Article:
Giulio Cavicchioli, the owner of company Minus Energie, which creates “ready to use” nuclear shelters, has gone from working on around 50 bunkers in the past 22 years, to fielding around 500 inquiries in two weeks.
“It’s a hysteria for construction of bunkers,” he said. “It’s much scarier now.”
It’s not only the wealthy or the preppers that are looking into bunkers.
Artemis Protection, the maker of prefabricated luxury bunkers with air-filtration systems, charges at least a half-million euros per shelter. However, the French company’s owner, Mathieu Seranne, said that they have started receiving tons of demand from “normal” people. In the past, only the “really wealthy” were interested in them.
“We had to change our whole commercial strategy,” he said. Artemis Protection is now selling stripped-down shelters that are much cheaper to “adapt” to the new demand.
Russia’s invasion of Ukraine has revived fears of a nuclear calamity in Europe for the first time in decades. With Europeans already on high alert against the Wuhan coronavirus (COVID-19) pandemic, the manifestations of their anxieties and desires for self-defense have shifted from masks, vaccines and lockdowns to bunkers, iodine pills and air raid sirens.
This threat of a nuclear war is permeating a new generation of European consciousness and is now prompting a new look at defense infrastructure, survival guides and fallout shelters.
“We are extremely concerned by the nuclear safety, security and safeguards risks caused by the Russian invasion of Ukraine,” the European Union said in a statement.
Hamish de Bretton-Gordon, former commander of the United Kingdom’s Chemical, Biological and Nuclear Defense Forces, said Europe had put the nuclear war to bed after the fall of the Soviet Union until “the madman invaded.”
He also said bunkers across Europe have fallen into disrepair and are now decayed. “We are completely unprepared,” he said. “But each day that it goes forward, it’s becoming more of a reality that actually this is something maybe we need to think about in some detail.”
Some countries are already prepared
Finland, which sits on Russia’s western border, has maintained high military readiness, regularly testing alarms and carrying on a “long tradition of preparedness,” as per the secretary-general for Finland’s Secretariat of the Security Committee, Petri Toivonen.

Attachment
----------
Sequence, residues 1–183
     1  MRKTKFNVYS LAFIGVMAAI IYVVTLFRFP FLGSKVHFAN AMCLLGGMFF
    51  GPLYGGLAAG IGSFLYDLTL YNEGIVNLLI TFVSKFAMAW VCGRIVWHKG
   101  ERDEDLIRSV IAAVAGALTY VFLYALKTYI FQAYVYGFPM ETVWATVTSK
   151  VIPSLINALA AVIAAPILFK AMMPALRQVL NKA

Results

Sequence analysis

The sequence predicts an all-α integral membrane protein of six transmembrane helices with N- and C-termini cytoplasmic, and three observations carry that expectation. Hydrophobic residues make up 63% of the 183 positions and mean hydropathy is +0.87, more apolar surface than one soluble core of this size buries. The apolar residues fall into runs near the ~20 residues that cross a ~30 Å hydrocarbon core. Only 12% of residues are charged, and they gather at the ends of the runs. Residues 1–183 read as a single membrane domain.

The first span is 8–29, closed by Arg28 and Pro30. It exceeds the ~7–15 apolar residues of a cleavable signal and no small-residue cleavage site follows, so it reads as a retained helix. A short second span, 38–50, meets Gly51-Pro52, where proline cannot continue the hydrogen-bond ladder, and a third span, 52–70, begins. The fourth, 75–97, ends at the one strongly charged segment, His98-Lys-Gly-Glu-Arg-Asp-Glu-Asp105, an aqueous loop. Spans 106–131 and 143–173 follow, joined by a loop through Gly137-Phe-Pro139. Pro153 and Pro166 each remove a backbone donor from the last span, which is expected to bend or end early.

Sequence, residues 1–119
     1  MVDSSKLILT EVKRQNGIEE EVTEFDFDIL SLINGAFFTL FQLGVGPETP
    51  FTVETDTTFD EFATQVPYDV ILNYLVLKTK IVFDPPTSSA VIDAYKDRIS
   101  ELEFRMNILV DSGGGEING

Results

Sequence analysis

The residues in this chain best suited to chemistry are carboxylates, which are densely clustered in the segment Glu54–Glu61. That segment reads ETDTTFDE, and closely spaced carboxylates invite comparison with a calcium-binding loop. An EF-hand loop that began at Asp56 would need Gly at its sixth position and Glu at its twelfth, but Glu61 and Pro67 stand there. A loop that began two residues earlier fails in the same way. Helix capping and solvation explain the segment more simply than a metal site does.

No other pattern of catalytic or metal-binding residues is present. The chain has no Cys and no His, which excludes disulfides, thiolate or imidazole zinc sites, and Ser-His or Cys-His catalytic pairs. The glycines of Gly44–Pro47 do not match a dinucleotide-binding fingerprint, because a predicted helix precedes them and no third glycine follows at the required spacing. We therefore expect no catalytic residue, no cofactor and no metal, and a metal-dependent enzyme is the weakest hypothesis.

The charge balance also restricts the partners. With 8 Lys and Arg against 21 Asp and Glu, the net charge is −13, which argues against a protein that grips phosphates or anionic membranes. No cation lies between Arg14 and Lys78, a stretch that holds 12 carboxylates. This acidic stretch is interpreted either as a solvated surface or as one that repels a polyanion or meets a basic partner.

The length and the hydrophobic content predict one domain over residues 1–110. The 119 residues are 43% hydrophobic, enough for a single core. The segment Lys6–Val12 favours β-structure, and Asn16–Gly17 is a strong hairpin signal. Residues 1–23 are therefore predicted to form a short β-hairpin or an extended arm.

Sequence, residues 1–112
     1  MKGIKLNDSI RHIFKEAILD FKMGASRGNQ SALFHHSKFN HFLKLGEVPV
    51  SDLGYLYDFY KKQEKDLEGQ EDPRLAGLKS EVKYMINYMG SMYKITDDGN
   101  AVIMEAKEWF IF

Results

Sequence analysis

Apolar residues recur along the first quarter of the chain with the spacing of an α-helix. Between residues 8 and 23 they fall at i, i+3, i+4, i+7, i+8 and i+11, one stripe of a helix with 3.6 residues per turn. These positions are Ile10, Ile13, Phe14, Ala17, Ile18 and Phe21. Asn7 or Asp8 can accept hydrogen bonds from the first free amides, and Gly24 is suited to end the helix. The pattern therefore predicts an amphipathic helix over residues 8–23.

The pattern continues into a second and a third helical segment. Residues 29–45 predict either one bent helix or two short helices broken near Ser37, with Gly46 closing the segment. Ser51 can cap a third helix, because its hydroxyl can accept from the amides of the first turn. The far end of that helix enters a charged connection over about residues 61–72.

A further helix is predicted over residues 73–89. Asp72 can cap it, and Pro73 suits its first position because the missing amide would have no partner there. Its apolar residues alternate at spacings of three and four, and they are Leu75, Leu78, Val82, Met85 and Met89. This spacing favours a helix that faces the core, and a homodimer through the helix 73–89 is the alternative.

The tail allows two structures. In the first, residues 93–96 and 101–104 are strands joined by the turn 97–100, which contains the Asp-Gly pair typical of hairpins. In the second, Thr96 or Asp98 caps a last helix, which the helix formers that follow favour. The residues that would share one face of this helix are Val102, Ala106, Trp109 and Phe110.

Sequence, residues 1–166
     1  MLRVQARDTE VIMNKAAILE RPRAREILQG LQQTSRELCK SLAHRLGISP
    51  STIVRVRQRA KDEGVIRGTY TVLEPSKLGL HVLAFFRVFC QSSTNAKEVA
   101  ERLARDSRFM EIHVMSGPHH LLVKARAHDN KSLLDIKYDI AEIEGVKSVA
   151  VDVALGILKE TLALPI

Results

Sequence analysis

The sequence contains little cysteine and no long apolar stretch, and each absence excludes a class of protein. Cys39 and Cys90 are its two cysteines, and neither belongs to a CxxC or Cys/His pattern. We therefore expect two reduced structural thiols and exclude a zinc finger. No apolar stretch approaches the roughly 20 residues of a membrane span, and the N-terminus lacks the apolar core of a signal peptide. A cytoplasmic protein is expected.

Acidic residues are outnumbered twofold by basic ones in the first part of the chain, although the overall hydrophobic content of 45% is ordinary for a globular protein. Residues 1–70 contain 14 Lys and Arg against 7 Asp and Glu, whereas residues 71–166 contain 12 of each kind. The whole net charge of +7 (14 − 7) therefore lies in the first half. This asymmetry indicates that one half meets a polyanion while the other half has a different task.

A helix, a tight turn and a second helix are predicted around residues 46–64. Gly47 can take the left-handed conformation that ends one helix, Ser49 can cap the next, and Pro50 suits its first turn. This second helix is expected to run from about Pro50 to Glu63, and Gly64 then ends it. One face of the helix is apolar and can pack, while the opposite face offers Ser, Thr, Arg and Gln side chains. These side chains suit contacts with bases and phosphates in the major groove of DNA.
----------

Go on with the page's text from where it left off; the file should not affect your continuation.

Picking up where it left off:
According to him, Finland has been continuously constructing shelters, adding that at the moment, it has the capacity to house four million people in 50,000 shelters. (Related: Keep prepping because the Government’s plan to survive nuclear war doesn’t include you.)
Russia’s annexation of Crimea also started a “total defense” strategy in Sweden that had eased after the fall of the Soviet Union. Now, the country’s Civil Contingencies Agency is testing its air-raid warning system and circulating Cold War-style precautionary pamphlets. The 20-page guide includes a checklist for basic supplies to get from the supermarket to survive while on the run or in a shelter.
Switzerland is also prepared. The country passed legislation requiring nuclear shelters in residential buildings in the 1960s.
These protective structures were designed to protect the population and to ensure the readiness of civil protection resources during an armed conflict, especially when weapons of mass destruction are involved. These shelters provide a basic form of protection against a wide range of direct and indirect arms impact and should be available for disasters and emergencies such as increased radioactivity, earthquakes or acute risk of an avalanche.
While these obligations were more recently softened, reinforced steel doors and gas filters or bunkers are familiar aspects in houses around the country. They also had over 350,000 communal bunkers, including one shelter on top of a Lucerne highway for 20,000 people, which could protect the entire population.
Other than bunkers, people are also seeking protection from iodine pills, which can help absorb radiation in the thyroid and help prevent cancer from exposure. (Related: Hundreds of families in South Dakota preparing for the end of the world in Manhattan-sized underground facility.)
Belgium is already meeting the sharp increase in demand with packs of pills free for those with a Belgian identity card. So far, the country’s pharmacies have distributed over 30,000 boxes. Demand has also increased in the Netherlands, Finland and Italy.
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